The Sonder Son on his stunning new album.

“R&B was always cool. I always liked to listen to R&B but I never thought that I would make it,” Brent Faiyaz tells me over a crackly conference call. When we speak, it’s been exactly a week since his latest solo venture, the beautiful new R&B record Sonder Son, was released and it has subsequently been blowing up online ever since. “People love it, man!” Faiyaz exclaims. “That’s what’s so wild about it. I don’t think I was really expecting that. Yeah. I don’t think I was really expecting that. It’s crazy.”

One listen and it’s clear to see just why fans have been reacting this way. A deeply personal and poignant record, Sonder Son is a gorgeously rich and soulful album in which Faiyaz has used his songwriting skills to bring people directly into his innermost thoughts. “With a lot of my previous work, I wasn’t really telling much about me in my music and I figured that it would be the perfect opportunity for people to understand the person behind the songs that a lot of people like to listen to,” Faiyaz explains. “I figured because there’s so much that I do wanna speak on, this is the perfect time for me to come out with a project and say: ‘Yo, this is who I am and this is how I feel about certain things. Fuck with me or not.’”

With topics ranging from relationships to his take on what’s going on in society at the moment, Faiyaz describes the album as like “looking at the world from my eyes”. I ask him how it feels releasing a body of work that is so personal and autobiographical, and he pauses. “I feel like to create the best work you can’t separate [music and personal],” he continues, “I feel like if you’re an artist, you should make sure that what you’re doing comes from an artist’s place. I feel like it’d be propaganda for me to put something out just because I know people are gonna fuck with it versus me just loving it for what it is and people taking it and loving it for what it is. I think there’s negatives that come with that as well. You know, granted, I’d take it a little more personal if somebody doesn’t like my music because it’s so honest versus if I made it because I just thought it’d sound cool and you didn’t like it, I’d be like ‘alright cool.’ I wouldn’t mind as much. But because it’s so personal it can definitely be a little much. But I think it makes the best product at the end of the day.”

“Yo, this is who I am and this is how I feel about certain things. Fuck with me or not.”

Detailing his take on the world today, it’s unsurprising that Faiyaz takes on politics on the record – something he does regularly on Twitter too – spitting “Trump don’t give a fuck” during the spoken word beginning of “Nobody Carez”. “I feel like every artist should back a cause, even if it’s something that’s irrelevant to you or your people, or something that you fuck with. Do something,” Faiyaz tells me. “I wasn’t really trying to make a statement on the album and shit like that, it was just how I felt. I think that as long as it comes from a real place, like, people can respect that.”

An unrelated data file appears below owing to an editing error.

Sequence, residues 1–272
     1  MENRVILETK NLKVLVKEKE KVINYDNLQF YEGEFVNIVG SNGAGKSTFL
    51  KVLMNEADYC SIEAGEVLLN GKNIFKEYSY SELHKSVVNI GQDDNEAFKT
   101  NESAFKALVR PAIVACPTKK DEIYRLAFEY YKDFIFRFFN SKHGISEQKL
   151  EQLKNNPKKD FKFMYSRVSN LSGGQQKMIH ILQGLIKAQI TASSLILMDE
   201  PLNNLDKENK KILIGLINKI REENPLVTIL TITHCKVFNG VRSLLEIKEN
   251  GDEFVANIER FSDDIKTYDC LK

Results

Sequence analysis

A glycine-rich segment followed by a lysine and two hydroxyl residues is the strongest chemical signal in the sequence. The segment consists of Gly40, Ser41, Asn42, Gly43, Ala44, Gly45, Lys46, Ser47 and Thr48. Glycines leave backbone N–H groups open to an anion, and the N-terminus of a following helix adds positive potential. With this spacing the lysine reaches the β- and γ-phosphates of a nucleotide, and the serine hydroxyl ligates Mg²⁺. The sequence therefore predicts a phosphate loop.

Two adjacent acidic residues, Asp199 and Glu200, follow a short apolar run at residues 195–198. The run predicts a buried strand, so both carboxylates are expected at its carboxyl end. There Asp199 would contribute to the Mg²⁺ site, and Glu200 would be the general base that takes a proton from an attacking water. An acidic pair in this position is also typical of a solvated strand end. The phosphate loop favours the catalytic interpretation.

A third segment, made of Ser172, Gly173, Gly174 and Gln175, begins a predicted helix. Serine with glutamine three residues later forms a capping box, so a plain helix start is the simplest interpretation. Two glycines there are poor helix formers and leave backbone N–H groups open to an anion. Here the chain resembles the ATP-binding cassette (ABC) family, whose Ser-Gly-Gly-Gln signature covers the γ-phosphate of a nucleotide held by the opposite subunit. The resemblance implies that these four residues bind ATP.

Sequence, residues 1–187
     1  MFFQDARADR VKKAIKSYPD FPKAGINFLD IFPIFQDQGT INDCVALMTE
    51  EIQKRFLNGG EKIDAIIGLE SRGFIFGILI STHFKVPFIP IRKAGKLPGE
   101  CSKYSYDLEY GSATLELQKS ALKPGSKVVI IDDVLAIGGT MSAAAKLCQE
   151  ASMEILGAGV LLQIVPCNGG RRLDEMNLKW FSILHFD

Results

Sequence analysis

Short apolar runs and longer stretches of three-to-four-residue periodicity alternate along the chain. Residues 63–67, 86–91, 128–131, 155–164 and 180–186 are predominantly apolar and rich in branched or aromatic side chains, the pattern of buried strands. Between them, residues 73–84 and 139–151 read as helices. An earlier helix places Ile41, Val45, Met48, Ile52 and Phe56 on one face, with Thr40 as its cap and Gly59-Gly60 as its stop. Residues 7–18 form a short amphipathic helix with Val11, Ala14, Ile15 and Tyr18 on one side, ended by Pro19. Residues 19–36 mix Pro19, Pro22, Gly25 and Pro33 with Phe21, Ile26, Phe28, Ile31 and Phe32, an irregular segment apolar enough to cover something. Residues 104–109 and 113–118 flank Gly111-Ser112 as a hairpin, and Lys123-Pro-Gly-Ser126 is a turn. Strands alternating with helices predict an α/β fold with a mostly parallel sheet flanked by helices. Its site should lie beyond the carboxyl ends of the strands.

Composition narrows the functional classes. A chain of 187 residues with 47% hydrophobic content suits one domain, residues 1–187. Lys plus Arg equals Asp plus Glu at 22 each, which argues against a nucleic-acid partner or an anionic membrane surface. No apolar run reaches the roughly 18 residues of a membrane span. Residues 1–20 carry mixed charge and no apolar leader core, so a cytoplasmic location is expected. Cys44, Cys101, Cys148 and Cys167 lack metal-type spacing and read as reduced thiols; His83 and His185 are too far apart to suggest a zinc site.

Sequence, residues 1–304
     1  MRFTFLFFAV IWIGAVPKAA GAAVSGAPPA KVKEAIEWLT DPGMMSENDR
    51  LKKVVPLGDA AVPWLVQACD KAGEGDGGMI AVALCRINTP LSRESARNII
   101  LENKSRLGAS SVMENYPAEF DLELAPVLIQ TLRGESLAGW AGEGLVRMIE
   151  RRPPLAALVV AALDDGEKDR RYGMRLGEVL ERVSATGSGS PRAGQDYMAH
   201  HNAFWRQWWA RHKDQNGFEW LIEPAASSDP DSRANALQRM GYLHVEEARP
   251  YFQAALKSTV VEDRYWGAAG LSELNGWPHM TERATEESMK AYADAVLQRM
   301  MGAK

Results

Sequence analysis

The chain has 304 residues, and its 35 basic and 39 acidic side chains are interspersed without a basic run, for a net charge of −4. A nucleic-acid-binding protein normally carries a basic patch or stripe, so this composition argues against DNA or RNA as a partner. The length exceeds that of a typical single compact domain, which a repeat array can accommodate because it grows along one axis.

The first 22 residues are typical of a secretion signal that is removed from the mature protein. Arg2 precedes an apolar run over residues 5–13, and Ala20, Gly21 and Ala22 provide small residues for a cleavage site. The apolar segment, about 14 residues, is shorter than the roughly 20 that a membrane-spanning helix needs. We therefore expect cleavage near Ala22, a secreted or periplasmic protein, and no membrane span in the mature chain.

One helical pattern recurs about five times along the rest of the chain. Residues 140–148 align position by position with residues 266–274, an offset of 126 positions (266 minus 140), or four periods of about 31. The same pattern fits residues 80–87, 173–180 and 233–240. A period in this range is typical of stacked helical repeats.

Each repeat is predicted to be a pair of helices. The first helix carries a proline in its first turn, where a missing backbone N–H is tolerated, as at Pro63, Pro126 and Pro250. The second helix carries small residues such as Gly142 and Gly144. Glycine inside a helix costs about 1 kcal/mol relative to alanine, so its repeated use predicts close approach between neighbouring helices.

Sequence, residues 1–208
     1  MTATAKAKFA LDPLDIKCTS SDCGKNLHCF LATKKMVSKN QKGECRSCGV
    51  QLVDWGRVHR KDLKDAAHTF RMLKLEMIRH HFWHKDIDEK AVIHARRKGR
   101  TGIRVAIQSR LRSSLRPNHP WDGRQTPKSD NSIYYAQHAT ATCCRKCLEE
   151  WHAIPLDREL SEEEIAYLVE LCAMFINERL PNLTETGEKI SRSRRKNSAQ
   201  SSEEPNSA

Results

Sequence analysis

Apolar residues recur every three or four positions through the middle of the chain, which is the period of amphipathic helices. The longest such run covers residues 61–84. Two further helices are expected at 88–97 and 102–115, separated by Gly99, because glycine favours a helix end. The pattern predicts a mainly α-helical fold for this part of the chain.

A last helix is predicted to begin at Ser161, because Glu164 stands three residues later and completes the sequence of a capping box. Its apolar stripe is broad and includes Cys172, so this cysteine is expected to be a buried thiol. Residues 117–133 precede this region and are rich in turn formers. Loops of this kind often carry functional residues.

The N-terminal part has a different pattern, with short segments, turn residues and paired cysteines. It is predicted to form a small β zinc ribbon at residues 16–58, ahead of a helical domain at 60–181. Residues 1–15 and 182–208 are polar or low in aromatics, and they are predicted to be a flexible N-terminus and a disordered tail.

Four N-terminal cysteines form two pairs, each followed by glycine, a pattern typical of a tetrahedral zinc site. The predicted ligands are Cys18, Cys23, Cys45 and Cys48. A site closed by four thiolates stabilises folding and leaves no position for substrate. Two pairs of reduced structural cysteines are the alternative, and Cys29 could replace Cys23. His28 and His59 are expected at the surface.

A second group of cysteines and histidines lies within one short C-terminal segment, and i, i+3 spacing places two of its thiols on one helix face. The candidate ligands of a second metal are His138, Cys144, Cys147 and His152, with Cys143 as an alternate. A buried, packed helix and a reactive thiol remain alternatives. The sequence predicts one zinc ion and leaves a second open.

Sonder Son is undeniably real, and after listening you feel like you’ve been, well and truly, inside Faiyaz’s thoughts for 42 minutes. It’s such an accomplished and striking album that it’s hard to believe that this kind of music wasn’t originally what Faiyaz set out to do, initially drawn instead towards rap. “I started off rapping, so when I was rapping I would sing, and it was just easier for me to sing as oppose to rap. Stuff would just come out sounding better so it was like, you know, let me just take the time out to become a singer and stop being so mad,” he says. “I don’t know, I guess just being young, like being a singer wasn’t fly to me, you know what I mean? With everybody that I knew, it wasn’t anything that any of us aspired to be and shit like that. But I don’t know, it’s kind of funny how our cards aligned.”

With a voice that’ll transport you into another dimension, you may already recognise those vocals from his work with Sonder. The frontman of the three-piece collective, Faiyaz’s album title is an obvious call back to his work with the group. “It’s kind of funny because there are a lot of people that are familiar with the Sonder music that don’t even know I have solo work and vice versa,” Faiyaz muses. “Calling the album Sonder Son, I feel like this is the perfect thing that I could’ve used to bring those two worlds together. I like it because with the Sonder music and with my personal music, you don’t have to pick a favourite or compare the two, you can live in both worlds at the same time ’cause it’s all happening at the same time.”

Currently gearing up for a huge tour, I ask Faiyaz if he’s found any time to celebrate the album’s success. “Actually, I’ve been done a lot of that lately!” he laughs. “I feel like I’m always out. It’s cool though, I’ve spent so much time not celebrating, like this is probably the time to get all this out of my system and get ready to do some more work. But it never feels like work, really. Not when you love it.”

Elly Watson

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